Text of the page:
Another manipulative woke media campaign from The New York Times and their effort to damage someone’s reputation is always their agenda.
What happens to Supreme Court Justice Brett Kavanaugh lastweek was another attempt of The New York Times to revive the smear campaign against him.
In fact, The New York Times pointed a letter from the FBI to seven Democratic senators sent on June 30, 2021, and discussed thousands of tips that had been sent in during Kavanaugh’s confirmation.
The 4,500 tips that came into the FBI tip line are being presented as new or “compelling,” even though they are anything.
But on Thursday, Reuters reported that “Seven Democratic Senators on Thursday said that newly released materials show the FBI failed to fully investigate sexual misconduct allegations against U.S. Supreme Court Justice Brett Kavanaugh when he was nominated to the court in 2018.”
The outlet added, “The senators, including Sheldon Whitehouse (RI) and Chris Coons (DE), said a letter they received from the FBI last month shows the agency gathered over 4,500 tips relating to Kavanaugh without any apparent further action by investigators.”
The Democrats had written in their letter to the FBI that “If the FBI was not authorized to or did not follow up on any of the tips that it received from the tip line, it is difficult to understand the point of having a tip line at all.”
The Times joined in on reviving the smear campaign, with reporter Kate Kelly editorializing, “The letter left uncertain whether the FBI itself followed up on the most compelling leads.”
As National Review’s John McCormack reported, the Times (and other media outlets) left out key details that would provide context showing that a number of tips were frivolous.
“[T]he Times’ report leaves out three key details that would have helped both to clear the air and to clear Kavanaugh’s name: (1) The FBI’s supplemental investigation was always supposed to be limited in time and scope; (2) a summary of all the tips the FBI received was available to all 100 U.S. senators; and (3) we have good reason to believe that none of the supposedly ‘compelling leads’ were actually compelling at all,” McCormack wrote.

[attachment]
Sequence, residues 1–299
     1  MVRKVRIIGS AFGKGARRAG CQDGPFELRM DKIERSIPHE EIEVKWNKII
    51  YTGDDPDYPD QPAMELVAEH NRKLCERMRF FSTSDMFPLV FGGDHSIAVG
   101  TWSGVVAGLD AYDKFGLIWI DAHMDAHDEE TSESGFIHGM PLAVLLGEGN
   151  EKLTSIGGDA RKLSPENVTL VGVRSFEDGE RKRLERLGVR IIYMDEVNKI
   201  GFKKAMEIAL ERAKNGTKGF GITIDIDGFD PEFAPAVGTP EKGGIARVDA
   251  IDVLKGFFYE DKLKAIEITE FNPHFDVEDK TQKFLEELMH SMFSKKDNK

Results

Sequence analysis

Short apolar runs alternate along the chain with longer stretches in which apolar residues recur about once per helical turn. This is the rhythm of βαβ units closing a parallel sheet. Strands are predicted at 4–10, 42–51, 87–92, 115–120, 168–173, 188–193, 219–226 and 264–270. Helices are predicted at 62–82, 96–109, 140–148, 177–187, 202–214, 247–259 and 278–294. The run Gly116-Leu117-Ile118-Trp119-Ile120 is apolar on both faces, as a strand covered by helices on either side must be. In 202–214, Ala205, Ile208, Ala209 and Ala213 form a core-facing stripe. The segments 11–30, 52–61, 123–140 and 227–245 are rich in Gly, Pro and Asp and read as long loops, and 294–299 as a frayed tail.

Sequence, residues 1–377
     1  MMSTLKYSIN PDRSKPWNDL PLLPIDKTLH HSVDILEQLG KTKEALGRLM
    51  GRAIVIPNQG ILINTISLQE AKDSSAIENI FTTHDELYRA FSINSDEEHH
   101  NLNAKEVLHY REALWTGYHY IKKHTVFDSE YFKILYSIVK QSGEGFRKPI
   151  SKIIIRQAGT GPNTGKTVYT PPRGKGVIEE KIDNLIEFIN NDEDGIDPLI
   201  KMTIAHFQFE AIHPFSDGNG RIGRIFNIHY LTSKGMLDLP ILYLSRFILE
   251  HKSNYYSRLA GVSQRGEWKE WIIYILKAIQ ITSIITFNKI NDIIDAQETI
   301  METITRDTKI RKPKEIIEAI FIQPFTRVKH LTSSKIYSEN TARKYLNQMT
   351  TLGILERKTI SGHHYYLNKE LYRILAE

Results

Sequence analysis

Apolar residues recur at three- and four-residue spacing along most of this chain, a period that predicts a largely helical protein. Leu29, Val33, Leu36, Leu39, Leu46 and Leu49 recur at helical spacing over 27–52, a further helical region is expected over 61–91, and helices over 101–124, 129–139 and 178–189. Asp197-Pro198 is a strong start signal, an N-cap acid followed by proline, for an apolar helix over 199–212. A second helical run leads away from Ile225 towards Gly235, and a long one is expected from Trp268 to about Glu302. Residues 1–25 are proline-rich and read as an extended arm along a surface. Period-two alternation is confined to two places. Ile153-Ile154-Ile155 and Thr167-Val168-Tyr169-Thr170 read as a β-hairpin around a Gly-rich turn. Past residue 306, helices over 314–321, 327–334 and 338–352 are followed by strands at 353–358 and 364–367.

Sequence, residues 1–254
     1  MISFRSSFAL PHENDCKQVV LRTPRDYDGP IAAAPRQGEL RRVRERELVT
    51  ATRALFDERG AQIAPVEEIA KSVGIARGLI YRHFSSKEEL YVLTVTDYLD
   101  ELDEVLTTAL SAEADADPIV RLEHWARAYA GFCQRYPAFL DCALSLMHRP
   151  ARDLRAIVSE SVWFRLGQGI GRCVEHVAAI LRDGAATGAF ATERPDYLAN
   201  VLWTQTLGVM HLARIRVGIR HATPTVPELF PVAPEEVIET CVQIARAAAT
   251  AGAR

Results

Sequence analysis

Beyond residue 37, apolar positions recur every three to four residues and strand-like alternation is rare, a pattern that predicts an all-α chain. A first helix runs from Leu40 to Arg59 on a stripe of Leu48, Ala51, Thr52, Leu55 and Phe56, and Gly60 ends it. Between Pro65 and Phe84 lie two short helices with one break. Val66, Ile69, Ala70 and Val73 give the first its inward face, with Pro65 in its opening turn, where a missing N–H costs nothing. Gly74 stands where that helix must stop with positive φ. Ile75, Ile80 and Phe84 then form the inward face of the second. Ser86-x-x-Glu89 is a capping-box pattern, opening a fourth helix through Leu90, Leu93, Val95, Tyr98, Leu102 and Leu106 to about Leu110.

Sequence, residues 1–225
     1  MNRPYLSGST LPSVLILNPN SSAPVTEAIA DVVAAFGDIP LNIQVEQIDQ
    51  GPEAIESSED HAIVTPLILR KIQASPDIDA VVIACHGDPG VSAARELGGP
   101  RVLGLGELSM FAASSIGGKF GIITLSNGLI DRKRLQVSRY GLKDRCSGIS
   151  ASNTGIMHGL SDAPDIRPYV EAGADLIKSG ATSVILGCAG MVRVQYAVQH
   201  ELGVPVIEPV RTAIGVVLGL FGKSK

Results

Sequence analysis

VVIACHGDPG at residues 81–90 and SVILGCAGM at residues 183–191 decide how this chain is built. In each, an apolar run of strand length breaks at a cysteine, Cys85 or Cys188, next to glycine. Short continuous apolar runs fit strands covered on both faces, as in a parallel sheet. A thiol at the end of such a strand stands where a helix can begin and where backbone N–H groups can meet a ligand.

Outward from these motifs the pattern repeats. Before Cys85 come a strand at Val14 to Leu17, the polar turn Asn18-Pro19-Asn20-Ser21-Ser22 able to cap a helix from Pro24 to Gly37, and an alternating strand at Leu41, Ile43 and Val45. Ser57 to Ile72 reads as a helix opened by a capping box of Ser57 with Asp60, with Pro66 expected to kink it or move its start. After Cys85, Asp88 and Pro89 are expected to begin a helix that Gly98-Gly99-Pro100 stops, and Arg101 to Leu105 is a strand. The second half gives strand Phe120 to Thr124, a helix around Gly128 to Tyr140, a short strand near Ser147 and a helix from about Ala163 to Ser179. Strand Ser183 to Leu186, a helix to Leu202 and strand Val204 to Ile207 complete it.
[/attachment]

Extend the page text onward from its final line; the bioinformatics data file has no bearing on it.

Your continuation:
To the first point, McCormack wrote that a bipartisan agreement limited the FBI’s supplemental background investigation to one week and only “current” and “credible” allegations — specifically to keep it from becoming a fishing expedition, even though that is exactly what the entire episode was from the beginning.
As to the knowledge of the 4,500 tips somehow being new, McCormack reported that the information was available to senators back in 2018. A summary of all 4,500 tips was included in the FBI’s report and available to all 100 U.S. senators. This is nothing new.
Further, Mike Davis, chief counsel for nominations on the Senate Judiciary Committee during Kavanaugh’s confirmation hearings, said the Democrats’ sudden outrage at the tip line information was odd.
“If there was anything that caught their attention, they could have flagged it for further investigation,” Davis told National Review.
“Every whack-job in the world called into that thing. That’s why there were 4,500 [tips],” Davis added. “Grassley’s team went through the entire tip-line. It was nonsense.”
A Republican senator told National Review that “There was nothing in there . . . nothing anywhere providing a shred of corroboration,” relating to an existing allegation or a new allegation.
Finally, McCormack reported, the Democrats’ reference to “compelling” or “relevant” tips were likely bunk.
“New York Times reporters Kate Kelly and Robin Pogrebin spent nearly a year investigating Kavanaugh for a book they published in September 2019. The only new allegation they reported was patently absurd: The two reporters hyped a new allegation that, while at Yale, Kavanaugh was allegedly standing around naked at a party when Kavanaugh’s ‘friends’ allegedly ‘pushed his penis into the hand of a female student.’ The alleged female victim in this incident had no recollection of it,’” McCormack reported.
In addition, the FBI interviews actually helped clear Kavanaugh, even if Democrats refuse to accept it. There was no corroborating information for his main accuser, Christine Blasey Ford’s claim that Kavanaugh sexually assaulted her 30 years earlier when they were both in high school. Her own friends doubted her story. Leland Keyser, who Ford mentioned as someone who could corroborate her story, said she didn’t remember such a party or even meeting Kavanaugh back then. She told the FBI she didn’t “have any confidence” in Blasey Ford’s story.
Another allegation against Kavanaugh, during his time in college, also fell apart under scrutiny, as the accuser didn’t think Kavanaugh was the culprit until she spoke with Democrat attorneys. A third allegation came from a woman represented by Michael Avenatti.